Poultry Breeds

The Dominique

The Dominique chicken breed was brought to the United States from England during the early days of America’s colonisation. The black and white striped birds were widely distributed throughout the eastern parts of the States by the mid 1800s. Although the breed was common in England and popular with farmers and exhibitors it was never raised as a commercial enterprise.

In 1874, the American Poultry Association recognised the Dominique breed and it was admitted to the Standard of Perfection. In 1960, the Association recognised the bantam type and in 1973, the Dominique Club of America was formed and represents the interests of both the standard and bantam varieties.

Dominique ChickenCredit: http://commons.wikimedhttp://commons.wikimedia.ohttp://commons.wikimedia.org/wiki/File:DominiqueHenSweetie.JPG

As other breeds began to be raised commercially the Dominique fell from favour. It is now regarded as a rare breed in the US and is listed on the ‘watch’ list of the American Livestock Breed Conservancy.

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The Dominique is regarded as a dual purpose breed. It has a broad, full body. Cocks weigh around 7 pounds and hens about 5 pounds. They are considered a medium size chicken. Adult birds have black and white barring which gives them good camouflage against predators in a free range situation. The legs are yellow and unfeathered and they have a rose comb. In appearance, they are similar to the Barred Plymouth Rock and they have similar origins, however the Barred Rock has a single comb.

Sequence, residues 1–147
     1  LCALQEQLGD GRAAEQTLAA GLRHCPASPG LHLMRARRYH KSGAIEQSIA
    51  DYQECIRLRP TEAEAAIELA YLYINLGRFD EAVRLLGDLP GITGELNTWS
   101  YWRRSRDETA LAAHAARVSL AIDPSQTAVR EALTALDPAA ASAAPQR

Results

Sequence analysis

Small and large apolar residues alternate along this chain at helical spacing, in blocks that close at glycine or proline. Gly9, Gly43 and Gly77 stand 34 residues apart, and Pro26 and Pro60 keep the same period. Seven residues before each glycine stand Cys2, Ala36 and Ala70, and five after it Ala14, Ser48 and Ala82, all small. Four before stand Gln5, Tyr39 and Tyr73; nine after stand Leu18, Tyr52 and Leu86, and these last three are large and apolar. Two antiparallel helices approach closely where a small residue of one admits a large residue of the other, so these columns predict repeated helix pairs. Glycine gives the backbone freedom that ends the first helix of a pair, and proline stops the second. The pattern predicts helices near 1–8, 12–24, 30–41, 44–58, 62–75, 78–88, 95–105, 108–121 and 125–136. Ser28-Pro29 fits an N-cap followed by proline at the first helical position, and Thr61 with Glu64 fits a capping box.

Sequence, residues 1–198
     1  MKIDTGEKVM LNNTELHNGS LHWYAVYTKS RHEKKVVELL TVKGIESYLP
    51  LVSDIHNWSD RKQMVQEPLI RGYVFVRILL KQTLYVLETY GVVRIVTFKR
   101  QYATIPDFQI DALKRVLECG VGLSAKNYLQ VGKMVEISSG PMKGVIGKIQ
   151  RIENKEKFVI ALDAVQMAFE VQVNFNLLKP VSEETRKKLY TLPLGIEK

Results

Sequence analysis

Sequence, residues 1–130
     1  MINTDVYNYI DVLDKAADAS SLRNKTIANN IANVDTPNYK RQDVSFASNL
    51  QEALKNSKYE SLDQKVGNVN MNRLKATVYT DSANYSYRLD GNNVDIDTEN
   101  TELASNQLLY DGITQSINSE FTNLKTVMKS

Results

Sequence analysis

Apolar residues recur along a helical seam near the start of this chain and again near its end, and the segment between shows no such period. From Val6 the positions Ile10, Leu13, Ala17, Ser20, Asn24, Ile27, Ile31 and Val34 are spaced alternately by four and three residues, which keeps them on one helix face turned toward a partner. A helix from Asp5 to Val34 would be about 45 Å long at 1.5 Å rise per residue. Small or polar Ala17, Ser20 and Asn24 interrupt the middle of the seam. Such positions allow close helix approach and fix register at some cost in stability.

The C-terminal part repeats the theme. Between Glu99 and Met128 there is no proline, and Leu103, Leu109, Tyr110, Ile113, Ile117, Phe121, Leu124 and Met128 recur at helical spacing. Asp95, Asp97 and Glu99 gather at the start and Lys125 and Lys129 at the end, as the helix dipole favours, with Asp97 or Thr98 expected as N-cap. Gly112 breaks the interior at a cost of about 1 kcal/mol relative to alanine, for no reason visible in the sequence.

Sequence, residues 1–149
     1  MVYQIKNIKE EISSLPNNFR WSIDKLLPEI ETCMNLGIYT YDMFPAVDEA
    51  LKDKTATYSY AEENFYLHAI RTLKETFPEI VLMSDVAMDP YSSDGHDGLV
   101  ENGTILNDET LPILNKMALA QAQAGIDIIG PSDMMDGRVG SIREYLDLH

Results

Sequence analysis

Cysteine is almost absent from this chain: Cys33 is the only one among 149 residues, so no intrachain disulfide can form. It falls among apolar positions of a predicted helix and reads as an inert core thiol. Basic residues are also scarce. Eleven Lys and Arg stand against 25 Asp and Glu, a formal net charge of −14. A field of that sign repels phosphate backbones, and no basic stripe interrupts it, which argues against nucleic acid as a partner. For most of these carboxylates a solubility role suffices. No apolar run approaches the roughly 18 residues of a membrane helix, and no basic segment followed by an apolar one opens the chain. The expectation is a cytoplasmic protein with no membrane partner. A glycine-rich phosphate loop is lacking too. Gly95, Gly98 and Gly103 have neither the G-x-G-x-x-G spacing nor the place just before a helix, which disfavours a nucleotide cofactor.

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The hens lay an acceptable number of brown eggs, averaging 230 a year or 3 or more each week. The hens will go broody and are attentive mothers. The baby chicks are black when hatched with yellow patches on the head, wings and underside. Like the Maran chicken, baby chicks can be sexed by the patch on the head. The patch on the pullets is more solid and compact than that on the head of the cockerels. In the Maran, the patch is white and larger on the cockerels. The legs of the Dominique pullets are darker than that of the cockerels.

This breed is an efficient forager and they also withstand the cold weather well. They are calm and don’t mind being confined. They also produce a good carcass as a table bird. They have heavy plumage and the feathers are used for stuffing mattresses and pillows. Dominiques mature early with most hens laying by six months of age.

Although now listed as rare, Dominiques can be found in small flocks throughout the United States.